Buying a home is an exciting time, but eager homebuyers should pay careful attention to the home inspection performed after an offer is accepted on a new house. While no house is perfect, the trained eye of a licensed home inspector can identify key problem areas.
This guide will explain what a professional inspector examines and what to do during a home inspection so you can create your own home inspection checklist PDF as a point of reference.
What is a Home Inspection?
A home inspection is a comprehensive survey of the condition of a dwelling place. This typically occurs as part of the home buying and selling process and is handled by a licensed home inspector. Always hire a professional to perform a home inspection. They will examine the state of major systems like plumbing, electrical and heating and cooling (HVAC), as well as exterior components like the roof and the siding.
Note: Home inspectors do not appraise the value of a home. Appraisals must be handled by a licensed appraiser.
How to Find a Home Inspector?
Many home inspectors come recommended by your real estate agent, and some lenders require you use one of their trusted inspectors. In some instances, you will be able to choose one on your own. During your search, look for a company that is bonded and insured. Check their credentials with the Better Business Bureau, and only choose an inspector who is licensed by the state. Ask for previous reports to see how thoroughly they examine a home.
The cost of a home inspection varies, and the fee is typically the buyer’s responsibility. Location and home size both factor into the price. Additional testing for things like mold, mildew, asbestos and termites will typically incur additional fees. Consult your real estate agent for more detailed estimates.
What Do Home Inspectors Look For?
Qualified, experienced and certified home inspectors are hired to provide their educated observations about the condition of the house to be purchased. The inspection report they provide to a buyer will be filled with information about the structure and its components. It will also contain a number of disclosures to protect the inspector from liability in case of errors or omissions.
A home inspector works for the buyer, not for the seller. Their inspection service is limited to making the buyer aware of the current condition of the property, problems that should be addressed before closing and any projects to be handled after the keys exchange hands.
Knowing what isn’t included in a home inspection is just as important as being aware of what is covered.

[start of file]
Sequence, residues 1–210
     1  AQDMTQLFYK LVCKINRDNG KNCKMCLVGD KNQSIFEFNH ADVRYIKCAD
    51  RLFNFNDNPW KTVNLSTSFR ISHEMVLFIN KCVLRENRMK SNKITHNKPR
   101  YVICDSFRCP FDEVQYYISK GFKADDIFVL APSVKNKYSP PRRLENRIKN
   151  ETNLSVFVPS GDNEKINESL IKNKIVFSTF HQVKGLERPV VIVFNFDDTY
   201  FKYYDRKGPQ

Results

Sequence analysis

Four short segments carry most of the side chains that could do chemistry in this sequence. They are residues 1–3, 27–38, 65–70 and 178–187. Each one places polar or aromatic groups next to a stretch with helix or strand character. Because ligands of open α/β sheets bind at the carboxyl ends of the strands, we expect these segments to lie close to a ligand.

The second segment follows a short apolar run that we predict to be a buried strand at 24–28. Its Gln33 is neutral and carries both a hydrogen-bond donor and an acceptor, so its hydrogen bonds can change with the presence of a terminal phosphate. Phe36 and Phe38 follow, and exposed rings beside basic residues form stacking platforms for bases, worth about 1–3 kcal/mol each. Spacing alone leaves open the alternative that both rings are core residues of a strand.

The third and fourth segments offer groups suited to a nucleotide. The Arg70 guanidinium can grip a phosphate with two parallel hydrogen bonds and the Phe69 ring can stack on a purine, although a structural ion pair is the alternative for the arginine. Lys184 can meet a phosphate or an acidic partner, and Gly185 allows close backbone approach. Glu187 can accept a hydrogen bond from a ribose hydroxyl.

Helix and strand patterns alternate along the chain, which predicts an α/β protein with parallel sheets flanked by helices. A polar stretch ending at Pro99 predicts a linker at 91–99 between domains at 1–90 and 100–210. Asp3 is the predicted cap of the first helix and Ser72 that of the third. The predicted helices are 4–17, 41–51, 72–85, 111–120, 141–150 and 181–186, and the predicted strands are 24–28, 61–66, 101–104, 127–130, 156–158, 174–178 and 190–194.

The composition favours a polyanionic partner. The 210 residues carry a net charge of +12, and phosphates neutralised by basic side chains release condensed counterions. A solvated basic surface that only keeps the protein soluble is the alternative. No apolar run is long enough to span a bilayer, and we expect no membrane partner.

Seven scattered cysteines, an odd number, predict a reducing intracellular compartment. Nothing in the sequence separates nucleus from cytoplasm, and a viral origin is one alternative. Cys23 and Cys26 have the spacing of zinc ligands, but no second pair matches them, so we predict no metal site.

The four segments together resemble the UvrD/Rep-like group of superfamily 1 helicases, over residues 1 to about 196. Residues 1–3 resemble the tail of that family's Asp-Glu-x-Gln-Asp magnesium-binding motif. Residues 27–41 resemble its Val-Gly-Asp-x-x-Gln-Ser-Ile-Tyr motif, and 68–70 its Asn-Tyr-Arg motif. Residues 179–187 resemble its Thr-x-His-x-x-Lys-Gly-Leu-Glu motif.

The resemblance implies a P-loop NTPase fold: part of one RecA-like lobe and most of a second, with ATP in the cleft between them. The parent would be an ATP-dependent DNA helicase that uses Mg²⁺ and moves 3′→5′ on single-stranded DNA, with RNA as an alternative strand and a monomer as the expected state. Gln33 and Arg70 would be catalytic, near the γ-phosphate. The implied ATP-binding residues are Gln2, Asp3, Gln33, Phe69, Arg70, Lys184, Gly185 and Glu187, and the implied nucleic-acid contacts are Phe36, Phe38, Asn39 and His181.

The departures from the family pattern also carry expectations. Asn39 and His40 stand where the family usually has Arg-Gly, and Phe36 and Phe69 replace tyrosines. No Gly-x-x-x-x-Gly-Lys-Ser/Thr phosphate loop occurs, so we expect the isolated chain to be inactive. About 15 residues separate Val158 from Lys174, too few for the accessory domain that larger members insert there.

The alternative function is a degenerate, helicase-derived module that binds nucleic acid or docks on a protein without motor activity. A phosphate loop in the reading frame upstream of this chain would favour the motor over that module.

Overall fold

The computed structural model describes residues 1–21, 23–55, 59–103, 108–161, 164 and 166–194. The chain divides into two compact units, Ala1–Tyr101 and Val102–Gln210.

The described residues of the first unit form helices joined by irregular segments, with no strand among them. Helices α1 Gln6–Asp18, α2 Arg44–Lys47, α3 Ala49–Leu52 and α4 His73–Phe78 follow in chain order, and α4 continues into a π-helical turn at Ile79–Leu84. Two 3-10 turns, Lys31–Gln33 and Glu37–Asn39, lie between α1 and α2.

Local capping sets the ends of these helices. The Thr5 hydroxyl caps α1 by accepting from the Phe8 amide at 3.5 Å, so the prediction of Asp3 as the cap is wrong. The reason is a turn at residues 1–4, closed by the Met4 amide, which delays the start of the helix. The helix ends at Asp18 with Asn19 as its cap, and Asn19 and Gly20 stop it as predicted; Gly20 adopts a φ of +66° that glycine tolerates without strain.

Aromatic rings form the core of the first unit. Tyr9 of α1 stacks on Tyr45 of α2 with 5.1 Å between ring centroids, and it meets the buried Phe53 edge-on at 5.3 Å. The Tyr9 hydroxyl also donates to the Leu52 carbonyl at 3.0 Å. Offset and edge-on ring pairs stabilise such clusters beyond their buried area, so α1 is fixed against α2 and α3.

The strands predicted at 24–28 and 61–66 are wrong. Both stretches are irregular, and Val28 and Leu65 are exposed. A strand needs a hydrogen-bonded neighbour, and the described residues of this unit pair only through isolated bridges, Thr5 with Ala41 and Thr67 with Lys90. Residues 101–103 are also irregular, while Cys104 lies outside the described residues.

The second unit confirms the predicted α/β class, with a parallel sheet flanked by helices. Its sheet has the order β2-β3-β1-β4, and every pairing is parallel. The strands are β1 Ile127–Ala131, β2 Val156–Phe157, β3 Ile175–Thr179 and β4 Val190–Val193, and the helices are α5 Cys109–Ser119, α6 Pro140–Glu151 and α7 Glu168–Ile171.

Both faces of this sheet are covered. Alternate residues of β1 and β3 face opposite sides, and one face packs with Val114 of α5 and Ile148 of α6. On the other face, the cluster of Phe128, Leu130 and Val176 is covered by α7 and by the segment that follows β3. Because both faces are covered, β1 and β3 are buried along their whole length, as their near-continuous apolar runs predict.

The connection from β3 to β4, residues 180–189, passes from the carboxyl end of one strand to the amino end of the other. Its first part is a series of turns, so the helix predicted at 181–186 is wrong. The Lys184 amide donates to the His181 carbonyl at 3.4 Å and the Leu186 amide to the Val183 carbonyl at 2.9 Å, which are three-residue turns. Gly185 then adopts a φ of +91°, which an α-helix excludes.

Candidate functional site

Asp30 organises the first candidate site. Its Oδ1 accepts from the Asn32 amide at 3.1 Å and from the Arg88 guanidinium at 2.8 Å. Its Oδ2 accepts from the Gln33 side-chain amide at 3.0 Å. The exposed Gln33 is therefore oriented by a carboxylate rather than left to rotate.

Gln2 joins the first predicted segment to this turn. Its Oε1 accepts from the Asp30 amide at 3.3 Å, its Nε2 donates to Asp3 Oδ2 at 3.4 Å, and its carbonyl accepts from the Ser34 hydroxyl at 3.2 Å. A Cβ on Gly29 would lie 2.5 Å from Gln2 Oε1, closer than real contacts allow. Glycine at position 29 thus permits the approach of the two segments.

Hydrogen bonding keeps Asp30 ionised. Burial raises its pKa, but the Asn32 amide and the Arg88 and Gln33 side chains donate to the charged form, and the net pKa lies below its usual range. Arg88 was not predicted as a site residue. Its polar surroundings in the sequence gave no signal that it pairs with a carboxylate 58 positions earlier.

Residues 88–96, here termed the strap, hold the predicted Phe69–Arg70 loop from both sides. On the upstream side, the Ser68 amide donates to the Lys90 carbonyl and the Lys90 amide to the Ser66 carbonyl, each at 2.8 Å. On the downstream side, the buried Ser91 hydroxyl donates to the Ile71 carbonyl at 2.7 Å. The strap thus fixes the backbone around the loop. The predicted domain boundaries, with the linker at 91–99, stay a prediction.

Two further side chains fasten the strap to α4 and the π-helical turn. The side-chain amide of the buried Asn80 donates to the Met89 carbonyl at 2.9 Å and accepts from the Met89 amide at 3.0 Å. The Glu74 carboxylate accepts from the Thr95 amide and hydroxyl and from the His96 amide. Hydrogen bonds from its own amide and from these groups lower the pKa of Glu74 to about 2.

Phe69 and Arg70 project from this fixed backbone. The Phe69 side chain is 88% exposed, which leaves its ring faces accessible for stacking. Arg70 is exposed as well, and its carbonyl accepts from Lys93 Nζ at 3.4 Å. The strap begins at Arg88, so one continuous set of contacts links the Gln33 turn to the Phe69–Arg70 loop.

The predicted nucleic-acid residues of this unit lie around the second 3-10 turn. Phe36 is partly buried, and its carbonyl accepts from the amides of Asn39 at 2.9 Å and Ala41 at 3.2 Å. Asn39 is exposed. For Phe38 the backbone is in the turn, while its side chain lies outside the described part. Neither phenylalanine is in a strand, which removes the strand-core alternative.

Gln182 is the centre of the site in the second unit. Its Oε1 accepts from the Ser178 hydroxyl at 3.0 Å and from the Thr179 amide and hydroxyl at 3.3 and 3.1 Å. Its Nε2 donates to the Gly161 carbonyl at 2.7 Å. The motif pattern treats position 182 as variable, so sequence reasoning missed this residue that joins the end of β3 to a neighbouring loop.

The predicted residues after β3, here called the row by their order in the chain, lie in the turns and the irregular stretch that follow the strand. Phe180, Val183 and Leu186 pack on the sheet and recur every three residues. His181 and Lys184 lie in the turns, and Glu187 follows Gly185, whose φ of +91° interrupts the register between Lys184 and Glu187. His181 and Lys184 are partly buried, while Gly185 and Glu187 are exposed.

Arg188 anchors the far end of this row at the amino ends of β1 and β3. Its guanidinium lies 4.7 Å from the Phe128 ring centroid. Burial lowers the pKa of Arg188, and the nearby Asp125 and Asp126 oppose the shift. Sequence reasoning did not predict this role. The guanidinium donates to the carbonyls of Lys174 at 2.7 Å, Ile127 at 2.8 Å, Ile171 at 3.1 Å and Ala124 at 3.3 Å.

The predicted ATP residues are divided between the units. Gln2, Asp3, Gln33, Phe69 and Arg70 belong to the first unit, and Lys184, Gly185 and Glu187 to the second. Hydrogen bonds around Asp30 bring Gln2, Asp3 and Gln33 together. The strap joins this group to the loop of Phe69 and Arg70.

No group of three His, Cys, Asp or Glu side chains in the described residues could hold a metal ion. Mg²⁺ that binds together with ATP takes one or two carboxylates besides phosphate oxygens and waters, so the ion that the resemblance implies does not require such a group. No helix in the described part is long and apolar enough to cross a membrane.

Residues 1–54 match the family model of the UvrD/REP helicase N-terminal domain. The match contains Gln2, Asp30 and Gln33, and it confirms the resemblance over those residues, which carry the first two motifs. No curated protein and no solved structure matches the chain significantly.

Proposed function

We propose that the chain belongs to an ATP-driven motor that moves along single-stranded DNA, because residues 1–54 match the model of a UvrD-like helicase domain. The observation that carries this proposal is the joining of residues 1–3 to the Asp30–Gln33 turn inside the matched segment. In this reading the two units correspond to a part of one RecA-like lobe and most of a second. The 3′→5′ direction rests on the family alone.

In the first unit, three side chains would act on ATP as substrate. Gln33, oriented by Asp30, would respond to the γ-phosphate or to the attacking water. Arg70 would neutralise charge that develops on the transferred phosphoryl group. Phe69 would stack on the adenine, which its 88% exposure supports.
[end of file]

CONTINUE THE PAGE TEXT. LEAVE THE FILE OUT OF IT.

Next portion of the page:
- An inspector will not offer any advisement regarding the purchase of the property or the cost of any repairs noted for the buyer in the inspection report.
- A professional home inspection generally does not include irrigation, septic systems, air ducts, pests or mold.
- The inspection is usually limited to the dwelling itself and will not include outbuildings or fences.
- Concerns such as vegetation and drainage will be noted in the inspection report only with regard to their effect on the condition of the building. For example, in might be recommended that tree limbs be trimmed to prevent them from brushing against the home, which could damage the siding, roofing, gutters and downspouts.
- Inspectors typically will not climb on top of the house but will make observations regarding the condition of the roof from the ground.
How to Prepare for a Home Inspection
On inspection day, the session can last anywhere from 2 to 4 hours, depending on the size of the home. In most cases, the buyer, the real estate agent and the inspector will all be present during the examination, though there are some exceptions. The seller typically does not attend a home inspection.
During this time, the buyer will follow the inspector through each part of the home as they point out key findings. Consider bringing a notebook and pen to take notes, and use your phone to take photos for your own reference. A few days later, the inspector will provide an extensive report citing any issues or potential problems they observed.
Home Inspection Checklist
An exterior home inspection checklist should include the following:
- Good drainage, including downspouts, away from the house with no standing water.
- No evidence of leaks from septic tank.
- Landscaping, driveway and walkways in good condition with no significant cracks.
- Trees in good condition without overhanging or touching the roof.
- Detached garage, shed, fence and deck show no rotted wood or evidence of termites.
- Deck and stair railings are secure.
- Shingles are not missing or damaged and show no curling or cupping.
- No evidence of excess roofing cement or patches.
- Flashing around roof penetrations is present and in good condition.
- No decay or staining on soffits and fascia; fascia board lines appear straight and level.
- Vents for eaves are clean and not obstructed.
- Gutters show no decay, staining or rust and are securely attached with downspouts.
- Chimneys are straight and show no evidence of damage; flashing and cap are in good condition.
- Visible foundation appears straight and plumb, in good condition with no significant cracks.
- Exterior walls appear straight with no sagging or bowing.
- Window and door frames appear square.
- No wood-to-ground contact.
- Siding has no cracks, decay or curling.
- Bricks show no damage or cracks in joints.
- Stucco shows no large cracks.
- Aluminum and vinyl siding is not loose and shows no dents or damage.
- Paint is not flaking or blistered.
- Exterior walls show no staining.
- Doors have weather-stripping and latch properly.
- Thermal glass or storm windows are installed.
- No condensation inside double-paned windows.
- Frames and trim are secure with no cracks or decay.
- Joints are caulked.
- Drip caps are installed.
An interior home inspection checklist should include:
- No evidence of moisture.
- No evidence of water damage to above floor.
- No staining or major cracks in exposed foundation.
- Visible floor joists show no damage, decay or staining and appear straight.
- Sump pump operates properly.
- Adequate ventilation to exterior.
- No evidence of damage from moisture or insects.
- Water supply and waste pipes are insulated.
- Insulation between crawl space and heated areas.
- No evidence in attic of staining from roof.
- Structure shows no damage or decay.
- Adequate ventilation through soffit vents and end louvers; mechanical ventilation is operational.
- Plumbing, exhaust and appliance vents extend through roof.